What causes CREST syndrome?

Updated: Oct 05, 2020
  • Author: Jeanie C Yoon, MD; Chief Editor: Dirk M Elston, MD  more...
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The cause of limited scleroderma is yet to be determined. Studies of genetic factors show only rare occasions of multicase families. HLA associations are present but are not strong. These include HLA-DRB*01, HLADRB*11, HLA-A*30, and HLA-A*32 showing increased susceptibility to scleroderma and HLA-DRB*07, HLA-B*57, and HLA-Cw*14 being protective. [26]

The predominance of cases occurring in women after their childbearing years and the similar clinical presentation of scleroderma to graft versus host disease has suggested the importance of fetal/maternal microchimerism in the etiology of scleroderma.

Environmental factors also are likely important. Some similarities in clinical presentation occur with L-tryptophan and rapeseed oil exposure. Certain occupations have been linked to an increased risk to systemic sclerosis, including female teachers, female textile workers, and construction workers. Exposure to silica, synthetic adhesives, solvents (including chlorinated solvents, aromatic solvents, white spirit, toluene, trichloroethylene, formaldehyde, vinyl chloride, and cleaning products) have been implicated in a higher risk of developing systemic sclerosis. Interestingly, the use of vibrating tools was also found to increase the risk of systemic sclerosis. [27, 28]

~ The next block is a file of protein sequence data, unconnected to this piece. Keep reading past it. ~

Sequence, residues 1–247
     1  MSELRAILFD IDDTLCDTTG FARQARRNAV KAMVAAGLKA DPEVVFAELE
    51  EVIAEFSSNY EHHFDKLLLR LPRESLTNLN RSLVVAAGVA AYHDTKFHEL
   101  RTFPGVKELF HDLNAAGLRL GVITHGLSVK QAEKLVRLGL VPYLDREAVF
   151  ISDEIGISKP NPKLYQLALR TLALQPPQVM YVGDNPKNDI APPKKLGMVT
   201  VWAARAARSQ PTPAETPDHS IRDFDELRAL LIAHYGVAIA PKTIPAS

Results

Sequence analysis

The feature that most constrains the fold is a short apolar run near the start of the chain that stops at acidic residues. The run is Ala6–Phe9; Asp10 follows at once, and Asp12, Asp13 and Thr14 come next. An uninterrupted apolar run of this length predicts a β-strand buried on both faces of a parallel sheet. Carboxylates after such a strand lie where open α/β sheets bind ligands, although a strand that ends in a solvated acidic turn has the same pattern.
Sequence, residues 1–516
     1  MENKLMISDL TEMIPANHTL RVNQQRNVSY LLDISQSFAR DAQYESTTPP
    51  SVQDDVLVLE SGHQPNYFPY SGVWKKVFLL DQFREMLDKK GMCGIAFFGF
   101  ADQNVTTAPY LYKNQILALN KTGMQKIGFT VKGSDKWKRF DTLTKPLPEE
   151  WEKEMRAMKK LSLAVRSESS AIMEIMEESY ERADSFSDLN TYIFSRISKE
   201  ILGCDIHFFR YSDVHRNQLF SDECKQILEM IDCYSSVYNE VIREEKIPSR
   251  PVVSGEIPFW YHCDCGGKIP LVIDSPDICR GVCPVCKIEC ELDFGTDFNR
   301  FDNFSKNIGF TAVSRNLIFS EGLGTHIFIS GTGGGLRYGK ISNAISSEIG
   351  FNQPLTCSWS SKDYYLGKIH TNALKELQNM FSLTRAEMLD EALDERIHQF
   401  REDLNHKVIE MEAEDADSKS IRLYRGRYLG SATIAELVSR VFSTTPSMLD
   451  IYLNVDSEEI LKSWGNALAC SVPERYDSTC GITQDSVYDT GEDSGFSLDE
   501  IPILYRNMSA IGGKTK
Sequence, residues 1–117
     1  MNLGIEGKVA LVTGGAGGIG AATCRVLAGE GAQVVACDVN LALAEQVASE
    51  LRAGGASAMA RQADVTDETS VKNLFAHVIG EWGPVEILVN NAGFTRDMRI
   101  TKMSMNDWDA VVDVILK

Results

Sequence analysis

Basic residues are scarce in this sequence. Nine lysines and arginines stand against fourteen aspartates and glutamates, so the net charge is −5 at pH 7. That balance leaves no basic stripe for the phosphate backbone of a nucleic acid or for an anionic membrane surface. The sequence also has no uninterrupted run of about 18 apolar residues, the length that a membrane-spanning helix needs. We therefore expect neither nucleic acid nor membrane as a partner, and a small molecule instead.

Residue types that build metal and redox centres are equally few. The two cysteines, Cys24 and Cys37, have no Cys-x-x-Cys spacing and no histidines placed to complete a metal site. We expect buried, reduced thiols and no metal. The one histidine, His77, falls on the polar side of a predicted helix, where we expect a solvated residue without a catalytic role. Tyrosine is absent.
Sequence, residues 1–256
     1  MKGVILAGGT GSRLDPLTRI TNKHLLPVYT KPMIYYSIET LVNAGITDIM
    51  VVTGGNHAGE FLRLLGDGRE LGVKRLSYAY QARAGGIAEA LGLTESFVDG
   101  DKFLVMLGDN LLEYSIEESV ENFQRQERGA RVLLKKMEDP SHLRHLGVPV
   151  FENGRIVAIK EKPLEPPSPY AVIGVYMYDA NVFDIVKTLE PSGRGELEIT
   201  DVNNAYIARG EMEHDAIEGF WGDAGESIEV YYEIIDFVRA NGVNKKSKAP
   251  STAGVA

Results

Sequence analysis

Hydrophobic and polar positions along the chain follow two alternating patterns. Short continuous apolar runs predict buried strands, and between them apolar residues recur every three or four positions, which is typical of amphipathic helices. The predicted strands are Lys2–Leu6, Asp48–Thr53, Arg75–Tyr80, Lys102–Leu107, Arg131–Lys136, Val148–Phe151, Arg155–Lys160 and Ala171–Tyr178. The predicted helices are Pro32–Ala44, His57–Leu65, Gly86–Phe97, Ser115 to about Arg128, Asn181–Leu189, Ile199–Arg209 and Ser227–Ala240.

The pathogenesis of calcinosis, Raynaud phenomenon, esophageal dysmotility, and sclerodactyly are described in more detail.

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